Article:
#500 Rosemary’s Baby (1968)

Clocking in at the exact halfway point of Schneider’s original 1001, Roman Polanski’s Rosemary’s Baby is the French-Polish director’s first Hollywood film and one of four of his films on the list. Mia Farrow’s performance as a soon-to-be mother careening toward uncertainty is utterly spectacular, switching her audience’s belief of whether she is suffering severe pre-partum paranoia, a reasonable distrust and crumbling allegiance of friends and family, or the terrifying question as to whether the Dali-esque rape sequence was a dream or reality.

This film’s early horror genre is in amazing hands with Polanksi’s interpretation of the pulpy book, “weaving together…(a) taut, focused, building sense of dread…(still keeping audiences of today) in awe of (his) detail, his rhythm and pacing, his skill with his actors, and the fine script he adapted for the screen” (). A magnificent flick that features Ruth Gordon in her much-too-delayed Oscar-Winning role as Best Supporting Actress, Rosemary’s Baby is a film that by all standards shouldn’t hold up today, and yet does so with such energy and gusto that it can only be credited to Polanski’s vision and its striking observation of the horrors and uncertainty of the mysteries of even the most perfect modern pregnancy.

https://en.wikipedia.org/wiki/Rosemary%27s_Baby_(film)

This is also officially the first time one of our regular posts has been able to crossover with Movie Posters By Me! Check out Episode 18 below…

Jennifer

Well… I am very glad I didn’t watch this movie while I was pregnant. In my opinion, this movie is pretty perfect from start to finish.  There is a slow but steady build up of dread that compelled me to watch more as the feeling of more and more bad terrible things are coming. The genius of this movie, besides its remarkable actors, is a breathless waiting for the “gotcha” part. At so many different points I was positive something terrible was going to happen – but didn’t.  Most of the movie leaves one to guess about what is and is not real or imagined. Who is sinister? Who is pretending? How much of it is in Rosemary’s head?  The last 20 minutes of the movie are a perfect roller coaster dive of action and revelation.  After watching it, I realized how perfectly every little moment of the film is – so many things I barely noticed at first ended up being significant to the ending of the film. The location and the mood of the movie are perfect, with Rosemary’s apartment itself established in the very first scene of the movie as being that significant prison that the atmosphere of the piece as a whole rests upon. A great film.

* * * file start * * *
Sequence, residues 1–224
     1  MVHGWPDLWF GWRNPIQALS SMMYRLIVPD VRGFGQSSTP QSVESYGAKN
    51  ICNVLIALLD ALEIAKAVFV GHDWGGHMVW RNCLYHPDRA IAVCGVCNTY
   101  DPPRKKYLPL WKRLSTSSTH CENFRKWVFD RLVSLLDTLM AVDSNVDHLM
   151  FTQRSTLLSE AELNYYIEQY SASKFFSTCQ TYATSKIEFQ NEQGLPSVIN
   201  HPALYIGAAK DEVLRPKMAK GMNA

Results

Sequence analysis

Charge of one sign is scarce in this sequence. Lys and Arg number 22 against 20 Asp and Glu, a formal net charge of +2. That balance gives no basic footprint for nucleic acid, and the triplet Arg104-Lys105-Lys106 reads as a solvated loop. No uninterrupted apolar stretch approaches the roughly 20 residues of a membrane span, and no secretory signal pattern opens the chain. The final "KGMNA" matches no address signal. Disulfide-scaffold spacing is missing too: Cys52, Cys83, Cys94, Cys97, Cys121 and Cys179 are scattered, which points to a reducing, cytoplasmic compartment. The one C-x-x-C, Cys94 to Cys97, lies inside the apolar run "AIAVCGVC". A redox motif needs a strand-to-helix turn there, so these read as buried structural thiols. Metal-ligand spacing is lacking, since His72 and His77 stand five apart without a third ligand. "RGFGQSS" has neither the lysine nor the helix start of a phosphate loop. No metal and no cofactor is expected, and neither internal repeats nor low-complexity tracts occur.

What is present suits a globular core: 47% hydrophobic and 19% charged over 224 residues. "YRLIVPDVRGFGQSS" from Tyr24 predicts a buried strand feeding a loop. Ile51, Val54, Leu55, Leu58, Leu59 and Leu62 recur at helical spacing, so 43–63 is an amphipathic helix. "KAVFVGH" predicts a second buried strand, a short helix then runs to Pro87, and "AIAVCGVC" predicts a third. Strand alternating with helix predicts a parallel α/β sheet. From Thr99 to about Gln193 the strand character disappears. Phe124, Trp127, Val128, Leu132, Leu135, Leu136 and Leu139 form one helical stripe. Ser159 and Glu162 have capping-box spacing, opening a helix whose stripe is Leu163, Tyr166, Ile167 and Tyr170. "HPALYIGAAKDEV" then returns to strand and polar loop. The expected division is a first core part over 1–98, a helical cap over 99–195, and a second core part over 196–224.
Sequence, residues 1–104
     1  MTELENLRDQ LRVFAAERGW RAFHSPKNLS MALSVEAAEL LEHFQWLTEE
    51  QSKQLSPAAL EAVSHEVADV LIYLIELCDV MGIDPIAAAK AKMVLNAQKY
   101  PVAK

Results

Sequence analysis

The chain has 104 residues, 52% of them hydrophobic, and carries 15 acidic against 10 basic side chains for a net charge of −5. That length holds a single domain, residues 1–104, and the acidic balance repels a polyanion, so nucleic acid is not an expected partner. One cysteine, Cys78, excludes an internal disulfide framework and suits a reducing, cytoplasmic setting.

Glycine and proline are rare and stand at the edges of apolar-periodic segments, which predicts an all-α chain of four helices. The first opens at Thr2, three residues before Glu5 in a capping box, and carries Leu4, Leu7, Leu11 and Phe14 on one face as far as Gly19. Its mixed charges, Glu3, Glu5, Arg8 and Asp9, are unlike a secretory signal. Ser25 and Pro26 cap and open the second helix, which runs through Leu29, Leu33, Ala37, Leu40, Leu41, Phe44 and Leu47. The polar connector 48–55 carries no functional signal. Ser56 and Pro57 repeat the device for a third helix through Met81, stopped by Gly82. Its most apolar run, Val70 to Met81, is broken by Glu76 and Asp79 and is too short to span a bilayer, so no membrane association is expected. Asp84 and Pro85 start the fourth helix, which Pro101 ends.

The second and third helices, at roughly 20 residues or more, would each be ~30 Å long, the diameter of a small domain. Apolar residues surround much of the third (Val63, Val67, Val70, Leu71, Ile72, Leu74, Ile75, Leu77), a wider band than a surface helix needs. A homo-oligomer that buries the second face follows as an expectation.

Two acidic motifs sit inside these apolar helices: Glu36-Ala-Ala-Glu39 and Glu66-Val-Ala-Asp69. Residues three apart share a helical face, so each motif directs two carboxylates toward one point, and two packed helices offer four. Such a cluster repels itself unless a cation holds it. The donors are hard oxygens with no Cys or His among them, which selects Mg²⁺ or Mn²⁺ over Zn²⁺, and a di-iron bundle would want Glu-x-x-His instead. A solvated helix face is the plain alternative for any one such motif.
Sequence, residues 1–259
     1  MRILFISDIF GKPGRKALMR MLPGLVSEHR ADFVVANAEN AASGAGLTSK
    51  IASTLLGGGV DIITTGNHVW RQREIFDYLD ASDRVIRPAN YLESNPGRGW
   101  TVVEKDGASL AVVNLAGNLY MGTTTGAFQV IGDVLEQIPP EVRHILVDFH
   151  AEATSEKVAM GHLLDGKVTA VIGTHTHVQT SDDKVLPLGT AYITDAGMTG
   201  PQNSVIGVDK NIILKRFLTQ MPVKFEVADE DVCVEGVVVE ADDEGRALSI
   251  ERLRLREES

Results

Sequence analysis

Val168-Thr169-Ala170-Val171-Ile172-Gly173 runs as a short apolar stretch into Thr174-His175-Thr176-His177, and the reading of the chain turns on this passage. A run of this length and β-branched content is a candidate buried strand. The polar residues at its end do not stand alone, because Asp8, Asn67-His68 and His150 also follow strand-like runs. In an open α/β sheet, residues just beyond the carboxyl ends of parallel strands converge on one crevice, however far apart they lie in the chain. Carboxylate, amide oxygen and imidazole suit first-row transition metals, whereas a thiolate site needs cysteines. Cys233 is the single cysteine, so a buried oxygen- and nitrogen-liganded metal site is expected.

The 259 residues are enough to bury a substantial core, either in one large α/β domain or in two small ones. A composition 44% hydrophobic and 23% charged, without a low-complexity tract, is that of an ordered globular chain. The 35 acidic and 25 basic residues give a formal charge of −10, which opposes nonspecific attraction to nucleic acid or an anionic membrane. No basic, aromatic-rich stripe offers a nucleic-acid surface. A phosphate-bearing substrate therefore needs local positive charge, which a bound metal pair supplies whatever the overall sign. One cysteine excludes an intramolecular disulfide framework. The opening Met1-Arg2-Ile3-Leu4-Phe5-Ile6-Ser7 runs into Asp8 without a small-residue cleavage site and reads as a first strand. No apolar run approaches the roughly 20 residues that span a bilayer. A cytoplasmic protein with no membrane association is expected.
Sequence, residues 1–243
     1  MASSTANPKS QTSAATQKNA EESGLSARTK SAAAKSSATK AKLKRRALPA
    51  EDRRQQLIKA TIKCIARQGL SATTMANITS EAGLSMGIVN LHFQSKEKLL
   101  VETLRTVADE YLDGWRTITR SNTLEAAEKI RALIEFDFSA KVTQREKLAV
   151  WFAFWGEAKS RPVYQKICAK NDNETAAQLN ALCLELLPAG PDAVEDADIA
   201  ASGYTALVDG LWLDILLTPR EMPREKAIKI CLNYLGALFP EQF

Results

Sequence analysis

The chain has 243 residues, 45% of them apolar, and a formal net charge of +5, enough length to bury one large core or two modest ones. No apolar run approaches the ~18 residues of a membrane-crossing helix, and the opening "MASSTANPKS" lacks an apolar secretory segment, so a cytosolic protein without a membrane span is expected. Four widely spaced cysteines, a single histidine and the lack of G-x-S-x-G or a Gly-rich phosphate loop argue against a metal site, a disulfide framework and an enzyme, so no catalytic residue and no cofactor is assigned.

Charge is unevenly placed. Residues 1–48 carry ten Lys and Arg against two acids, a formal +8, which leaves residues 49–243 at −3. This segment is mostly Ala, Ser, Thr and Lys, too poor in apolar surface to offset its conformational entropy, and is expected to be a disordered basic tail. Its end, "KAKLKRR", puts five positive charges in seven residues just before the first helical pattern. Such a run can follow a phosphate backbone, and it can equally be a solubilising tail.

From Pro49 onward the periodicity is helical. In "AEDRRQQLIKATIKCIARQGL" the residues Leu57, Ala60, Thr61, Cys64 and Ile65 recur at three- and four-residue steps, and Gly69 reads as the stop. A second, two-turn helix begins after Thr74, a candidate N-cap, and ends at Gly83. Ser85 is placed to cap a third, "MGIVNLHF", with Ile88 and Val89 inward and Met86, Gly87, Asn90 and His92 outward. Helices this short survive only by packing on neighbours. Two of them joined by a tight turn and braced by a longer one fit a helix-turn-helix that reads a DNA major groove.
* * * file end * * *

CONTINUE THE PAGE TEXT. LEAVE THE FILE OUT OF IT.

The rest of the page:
Garrett

I really enjoyed Rosemary’s baby. I am not one to get scared by any paranormal entities at all, especially those surrounding religion, but what sets this film apart from much of the hype that surrounds those tropes is the fact that Polanski has directed a film that puts its weight on questioning the pregnant-hysteria of his protagonist, the structure of her social and emotional support systems, and almost in hindsight, the possibility that this is the child of some horrific devil-entity. I think Polanski did an incredible job in structure and execution, the various surreal scenes being edited in such a way that they generally didn’t feel as ridiculous as I am sure they could have been in any less capable hands. When it got to the end, in my opinion, the reveal was a little disappointing for me, however, I can easily blame that for my brand of 2017 skepticism. Still, from dialogue to editing, camera work to performances, it is easy to understand what makes this film have such staying power – and for something made in the late sixties to early seventies, it is easy for something like this to age poorly. This is certainly credited to Polanski’s adept filmmaking. Finally, just as Jenn mentioned, there was a point where we turned to each other and said, “imagine what it would have been like to watch this pregnant?” Mine was at the line where the doctor told her not to read any books and talk to any friends about her pregnancy. If there is anything I can say that this film nails the most (and I sincerely mean this without any irony or the hyperbole the film clearly contains), it is the confusing, complicated, bizarre, troubling, and terrifying process of modern pregnancy… for everyone involved.

#484 Week End (1967)